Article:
Tushar Krishna is an Assistant Professor in the School of Electrical and Computer Engineering at Georgia Tech. He also holds the ON Semiconductor Junior Professorship. He has a Ph.D. in Electrical Engineering and Computer Science from MIT (2014), a M.S.E in Electrical Engineering from Princeton University (2009), and a B.Tech in Electrical Engineering from the Indian Institute of Technology (IIT) Delhi (2007). Before joining Georgia Tech in 2015, Dr. Krishna spent a year as a post-doctoral researcher at Intel, Massachusetts.
Dr. Krishna’s research spans computer architecture, interconnection networks, networks-on-chip (NoC) and deep learning accelerators with a focus on optimizing data movement in modern computing systems. Three of his papers have been selected for IEEE Micro’s Top Picks from Computer Architecture, one more received an honorable mention, and three have won best paper awards. He received the National Science Foundation (NSF) CRII award in 2018, and both a Google Faculty Award and a Facebook Faculty Award in 2019.
Title: Reflections on TPUs, Current Problems
in Acceleration, and What's Next
Google's first TPU has been a remarkably successful accelerator, spawning a sequence of successors and inspiring a wave of new chips from established companies and startups. I'll start with some retrospection about what we got right and the ways in which we were lucky in building that first TPU. Then I'll pivot to the problems I think are currently hard and possibly underserved by our NN accelerator systems (to spoil: programmability, memory, and multi-tenancy). Lastly I'll speculate about where ML might take us: how much might the algorithms and computations change, the implications of the Accelerator Wall, and the virtuous feedback between algorithms and architecture that might be the basis of a true Golden Age for our field.
Cliff Young is a software engineer in the Google Brain team, where he works on codesign for deep learning accelerators. He is one of the designers of Google’s Tensor Processing Unit (TPU), which is used in production applications including Search, Maps, Photos, and Translate. TPUs also powered AlphaGo’s historic 4-1 victory over Go champion Lee Sedol. Previously, Cliff built special-purpose supercomputers for molecular dynamics at D. E. Shaw Research and worked at Bell Labs. Cliff holds AB, MS, and PhD degrees in computer science from Harvard University.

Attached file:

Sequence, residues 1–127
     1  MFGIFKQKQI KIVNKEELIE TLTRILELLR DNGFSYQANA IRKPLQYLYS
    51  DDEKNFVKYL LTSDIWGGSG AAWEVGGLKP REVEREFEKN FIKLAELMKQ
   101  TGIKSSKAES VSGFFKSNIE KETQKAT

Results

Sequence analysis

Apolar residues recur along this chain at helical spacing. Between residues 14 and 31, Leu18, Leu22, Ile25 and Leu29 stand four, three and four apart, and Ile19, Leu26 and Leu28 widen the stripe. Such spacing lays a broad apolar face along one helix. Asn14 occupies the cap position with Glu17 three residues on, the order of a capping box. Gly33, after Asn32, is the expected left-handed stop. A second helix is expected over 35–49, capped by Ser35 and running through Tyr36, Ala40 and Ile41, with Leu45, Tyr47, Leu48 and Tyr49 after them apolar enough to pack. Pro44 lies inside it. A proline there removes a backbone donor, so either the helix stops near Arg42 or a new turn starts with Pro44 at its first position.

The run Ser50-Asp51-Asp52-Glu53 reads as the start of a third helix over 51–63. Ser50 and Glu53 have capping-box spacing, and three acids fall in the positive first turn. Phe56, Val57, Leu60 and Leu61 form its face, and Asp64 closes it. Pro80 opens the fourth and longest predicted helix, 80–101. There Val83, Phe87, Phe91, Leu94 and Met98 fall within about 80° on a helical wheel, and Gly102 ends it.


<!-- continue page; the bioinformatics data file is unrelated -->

|Time (EDT/New York)||Virtual Event - 31st May 2020|
|9:00 AM – 9:10 AM||Welcome|
|9:10 AM – 10:10 AM||
Invited talk: Removing Ineffectual Computations in Neural Networks (9:10 AM – 9:50 AM)
Antonio Gonzalez, Universitat Politècnica de Catalunya
Paper talk: You Only Spike Once: Improving Energy-Efficient Neuromorphic Inference to ANN-Level Accuracy (9:50 AM – 10:10 AM)
Srivatsa P, Kyle Timothy Ng Chu, Yaswanth Tavva, Jibin Wu, Malu Zhang, Haizhou Li and Trevor E. Carlson
|10:10 AM – 11:10 AM||Invited talk: Scaling
Machine Learning Workloads on Today’s GPUs
(10:10 AM – 10:50 AM)
David Kaeli, Northeastern University
Paper talk: HCM: Hardware-Aware Complexity Metric for Neural Network Architectures (10:50 AM – 11:10 AM)
Alex Karbachevsky, Chaim Baskin, Evgenii Zheltonozhskii, Yevgeny Yermolin, Freddy Gabbay, Alexander Bronstein and Avi Mendelson
|11:10 AM – 11:40 AM||Break|
|11:40 AM – 12:40 PM||Invited talk: A
Communication-Centric Approach for Designing Flexible
DNN Accelerators (11:40 AM – 12:20 PM)
Tushar Krishna, Georgia Tech
Paper talk: STONNE: A Detailed Architectural Simulator for Flexible Neural Network Accelerators (12:20 PM – 12:40 PM)
Francisco Muñoz-Martínez, José L. Abellán, Manuel E. Acacio and Tushar Krishna
|12:40 PM – 2:00 PM||Invited talk: Reflections
on TPUs, Current Problems in Acceleration, and What's
Next (12:40 PM – 1:20 PM)
Cliff Young, Google
Paper talk: Statistical Robustness of MCMC Accelerators (1:20 PM – 1:40 PM)
Xiangyu Zhang, Ramin Bashizade, Yicheng Wang, Cheng Lyu, Sayan Mukherjee and Alvin R. Lebeck
Paper talk: Acceleration Techniques for Sampling-based Machine Learning (1:40 PM – 2:00 PM)
Yanqi Liu, Ruth Iris Bahar and Giuseppe Calderoni
|2:00 PM – 2:05 PM||Closing remarks|